It was a time of myth and legend…

Once upon a time, I was involved in the design of a fest-lrp called Odyssey. It was a game of classical myth, designed for hundreds of players; which settled at 300 or thereabouts, which I find oddly pleasing.

It was run for Profound Decisions, a UK company who had also run a fest called Maelstrom, and would one day go on to run Empire.

One of the issues any big game has to think about is – to what extent is PvP settled by violence a theme of the game, and how does that affect the game experience of the players?

Here’s some thoughts on that from Ian Andrews and Matt Pennington, taken from the now-defunct Odyssey Design Blog via the wonders of the Wayback Machine.

The Odyssey arena at night. I wish I could remember the photographer with precision, but I am almost certain it was licensed for use in this blog by Charlie Moss of LARP images.

Shedding Blood on Atlantis

Here’s the IC version. The Gods have agreed between themselves an uneasy truce. They have agreed to the mechanics of the Annual to prevent further savage bloodshed the world can ill afford after Alexander, and to ensure there is a place of safety where their forces can meet and compete without fear of betrayal. To that end, they have forbidden bloodshed on Atlantis outside the Arena. Many on Atlantis will be under the eyes of their gods – some are especially favoured and will be guaranteed a visit to their death god whether the appropriate rites are performed or not so there is little or no way of ensuring they do not report what they see… Any blood spilled outside the arena will be thoroughly investigated by the Minoans and the gods will resolve the blame between themselves. The nation whose people have broken the rules of the annual in the judgement of the gods will then be punished, savagely. Repeated offences will likely result in terrible consequences.

That said, the gods have created the annual to provide them with amusement and their warriors, priests and peoples with glory. To that end they will encourage displays of wit, skill and guile in hunting, capturing and perhaps even ransoming – so long as it does not interfere with the arena and their amusement.

The act of executing a fallen foe on Atlantis is forbidden by the gods outside the arena, and frowned upon inside it. And the eyes of the gods are on you.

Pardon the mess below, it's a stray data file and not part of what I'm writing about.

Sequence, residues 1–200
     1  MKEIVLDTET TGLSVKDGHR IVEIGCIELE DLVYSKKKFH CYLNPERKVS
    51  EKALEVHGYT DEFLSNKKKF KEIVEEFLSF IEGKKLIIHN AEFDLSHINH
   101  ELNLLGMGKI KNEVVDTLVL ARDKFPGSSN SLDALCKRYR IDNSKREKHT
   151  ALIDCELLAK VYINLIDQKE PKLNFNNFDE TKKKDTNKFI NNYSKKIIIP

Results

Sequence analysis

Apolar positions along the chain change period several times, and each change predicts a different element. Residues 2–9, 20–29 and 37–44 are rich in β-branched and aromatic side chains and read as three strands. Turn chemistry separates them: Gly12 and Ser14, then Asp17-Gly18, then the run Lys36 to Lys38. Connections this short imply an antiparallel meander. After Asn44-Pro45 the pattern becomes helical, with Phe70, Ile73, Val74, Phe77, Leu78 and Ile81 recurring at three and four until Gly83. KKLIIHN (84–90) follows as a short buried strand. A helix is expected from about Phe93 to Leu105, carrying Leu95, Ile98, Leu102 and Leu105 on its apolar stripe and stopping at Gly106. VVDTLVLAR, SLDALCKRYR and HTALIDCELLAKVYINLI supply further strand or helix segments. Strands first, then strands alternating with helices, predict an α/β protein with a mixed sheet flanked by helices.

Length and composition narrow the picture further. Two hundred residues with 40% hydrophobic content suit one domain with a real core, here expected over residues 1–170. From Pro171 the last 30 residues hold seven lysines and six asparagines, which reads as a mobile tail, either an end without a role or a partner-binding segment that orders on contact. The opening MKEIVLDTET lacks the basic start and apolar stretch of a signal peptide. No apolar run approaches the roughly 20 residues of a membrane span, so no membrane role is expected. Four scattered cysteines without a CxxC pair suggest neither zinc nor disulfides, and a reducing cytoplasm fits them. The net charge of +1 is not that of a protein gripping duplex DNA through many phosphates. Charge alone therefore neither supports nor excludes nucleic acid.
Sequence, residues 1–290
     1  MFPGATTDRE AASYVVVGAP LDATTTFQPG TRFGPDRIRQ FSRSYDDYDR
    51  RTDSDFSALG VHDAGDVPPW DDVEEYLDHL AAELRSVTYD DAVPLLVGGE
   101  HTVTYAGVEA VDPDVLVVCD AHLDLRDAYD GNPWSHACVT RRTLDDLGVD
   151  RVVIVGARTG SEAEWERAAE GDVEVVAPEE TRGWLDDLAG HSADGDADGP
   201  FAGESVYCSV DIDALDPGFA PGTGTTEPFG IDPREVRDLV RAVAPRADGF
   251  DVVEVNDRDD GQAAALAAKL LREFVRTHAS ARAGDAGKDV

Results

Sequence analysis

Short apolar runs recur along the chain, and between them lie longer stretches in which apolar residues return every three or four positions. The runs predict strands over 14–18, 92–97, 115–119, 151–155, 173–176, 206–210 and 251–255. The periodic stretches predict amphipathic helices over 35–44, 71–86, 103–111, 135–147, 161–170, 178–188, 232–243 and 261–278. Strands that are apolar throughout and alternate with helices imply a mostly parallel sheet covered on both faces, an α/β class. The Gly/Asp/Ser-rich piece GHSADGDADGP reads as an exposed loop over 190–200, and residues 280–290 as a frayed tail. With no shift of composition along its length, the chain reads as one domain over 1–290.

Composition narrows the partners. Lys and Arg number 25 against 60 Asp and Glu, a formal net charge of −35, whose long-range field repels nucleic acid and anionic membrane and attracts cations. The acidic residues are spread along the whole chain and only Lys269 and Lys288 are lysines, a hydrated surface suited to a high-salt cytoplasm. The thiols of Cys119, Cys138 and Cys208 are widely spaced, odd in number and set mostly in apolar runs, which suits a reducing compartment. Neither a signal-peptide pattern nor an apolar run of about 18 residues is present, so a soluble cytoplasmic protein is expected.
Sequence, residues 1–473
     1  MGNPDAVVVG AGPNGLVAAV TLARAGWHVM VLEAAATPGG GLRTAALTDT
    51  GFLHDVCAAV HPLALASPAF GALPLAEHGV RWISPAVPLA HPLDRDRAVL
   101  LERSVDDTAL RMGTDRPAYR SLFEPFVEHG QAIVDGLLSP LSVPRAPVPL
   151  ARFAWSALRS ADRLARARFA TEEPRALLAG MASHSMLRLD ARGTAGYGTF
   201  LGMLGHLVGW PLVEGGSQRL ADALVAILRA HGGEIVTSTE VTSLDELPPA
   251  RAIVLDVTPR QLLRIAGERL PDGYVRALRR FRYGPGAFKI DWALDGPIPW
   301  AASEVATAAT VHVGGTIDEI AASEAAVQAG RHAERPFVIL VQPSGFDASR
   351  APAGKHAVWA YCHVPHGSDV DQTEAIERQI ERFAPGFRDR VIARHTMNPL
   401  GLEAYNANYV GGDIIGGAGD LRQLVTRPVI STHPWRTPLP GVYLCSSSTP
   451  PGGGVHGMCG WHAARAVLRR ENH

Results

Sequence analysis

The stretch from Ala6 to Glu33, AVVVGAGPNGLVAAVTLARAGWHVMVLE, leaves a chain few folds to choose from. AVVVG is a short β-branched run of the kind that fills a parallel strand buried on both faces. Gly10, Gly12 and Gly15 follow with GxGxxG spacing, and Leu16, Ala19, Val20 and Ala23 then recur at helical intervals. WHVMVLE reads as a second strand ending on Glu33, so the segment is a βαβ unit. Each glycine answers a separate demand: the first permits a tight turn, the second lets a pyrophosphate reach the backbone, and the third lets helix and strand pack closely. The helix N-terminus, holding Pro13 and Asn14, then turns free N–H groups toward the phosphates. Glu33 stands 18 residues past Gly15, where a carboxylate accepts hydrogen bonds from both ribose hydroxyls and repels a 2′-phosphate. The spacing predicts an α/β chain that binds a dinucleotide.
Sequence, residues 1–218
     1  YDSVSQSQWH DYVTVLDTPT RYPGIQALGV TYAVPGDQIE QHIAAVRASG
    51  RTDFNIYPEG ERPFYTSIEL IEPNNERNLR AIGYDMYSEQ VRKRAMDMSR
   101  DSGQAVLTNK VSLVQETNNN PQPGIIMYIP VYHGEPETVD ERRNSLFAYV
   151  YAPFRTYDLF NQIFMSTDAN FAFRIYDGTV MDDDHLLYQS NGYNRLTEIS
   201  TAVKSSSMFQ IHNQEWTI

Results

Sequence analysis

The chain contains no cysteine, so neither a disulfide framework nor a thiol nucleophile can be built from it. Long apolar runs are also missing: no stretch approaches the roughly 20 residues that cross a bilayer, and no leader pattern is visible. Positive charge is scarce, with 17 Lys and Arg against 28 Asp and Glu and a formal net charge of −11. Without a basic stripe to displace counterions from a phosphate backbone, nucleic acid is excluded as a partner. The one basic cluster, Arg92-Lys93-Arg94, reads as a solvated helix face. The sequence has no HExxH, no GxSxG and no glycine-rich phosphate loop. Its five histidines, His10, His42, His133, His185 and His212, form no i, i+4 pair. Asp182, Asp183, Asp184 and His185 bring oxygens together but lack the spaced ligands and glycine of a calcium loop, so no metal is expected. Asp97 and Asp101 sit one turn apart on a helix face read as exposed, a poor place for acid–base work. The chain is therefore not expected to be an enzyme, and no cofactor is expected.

The OOC version is this. We want to run a game where people can move around the field in relative safety, go to the loo, socialise IC and not have to post gate guards (which must be the dullest job in LRP). Out of character, murder in the dark is strongly discouraged – this isn’t the system for it. If there is hazard on the field, there is no IC justification whatsoever to remain on the field for anything other than the arena battles, and certainly not after dark. The arena fights are what matter, so we want to keep the risk of blood and death in there.

But we don’t want bored champions either. Demonstrably, there’s a gap in the champions game which we need to address, and after a few discussions – very constructive discussions – I had with players in the Carthage camp after time out we have some plans afoot for that. But murder in the dark isn’t the only solution and nor is it the only thing a combat-based character can do in a system where the only way to kill someone is to make a conscious decision to execute them. If you take that conscious decision – no matter what the apparent IC justifications – then there are likely to be wide-ranging IC consequences which we have put in place to IC discourage you from that course of action for both IC and OOC reasons. I can’t be more explicit than that. .

It’s probably worthy of note that if two champions meet in the dark and one of them decks the other, it makes for the opportunity to shout and bitch about it and builds IC grudges, it creates friction and it builds backstory. If one of them executes the other, one is dead and the other is either unable to tell anyone about it or will soon be dead too. One of those situations is the basis for the generation of heroic legend; the other is not.

If you want to shed blood and cause death on Atlantis, then fight in the arena or do it the way Tigraine of Babylon did it; fuelled by grief and rage, proudly, unashamedly and with every intention of taking your just punishment for it before the eyes of the gods. Some great myths are tragedies. Do it for a reason and make game. Dead characters stops game for that player; defeated characters who live still are a different (and richer) story altogether.

Ian A


When we created Odyssey, we spent over two years actively designing the game. That process meant thinking about what players enjoy in LRP, what they enjoy doing and what they enjoy having happen to them. Part of the purpose of that design process was to produce a game that would be demonstrably different from Maelstrom, part of the purpose was to look at PvP elements of modern LRP games to see if we couldn’t resolve some of the intrinsic problems with that approach in LRP. We didn’t want to make “just another LRP fest game” only this time with swords and sandals, we wanted to try and make something that was genuinely different.

One the issue that concerned us, was that very few LRPers actually enjoy having their character killed by other player-characters. Such deaths are rarely dramatic or heroic and all too often they are unsatisfying. I enjoy having my character brutally murdered by my enemies but I’ve come to realize that that is not the norm in LRP and even I struggle to get much enjoyment from being killed by muggers while on the way to the toilet. From this problem flows the second, that the majority of LRPers don’t particularly enjoy killing other player-characters. They feel guilty about potentially spoiling another player’s event. PvP can have other lesser logistical problems, for instance it often takes place in tents at night, which increases the hazards involved in LRP combat.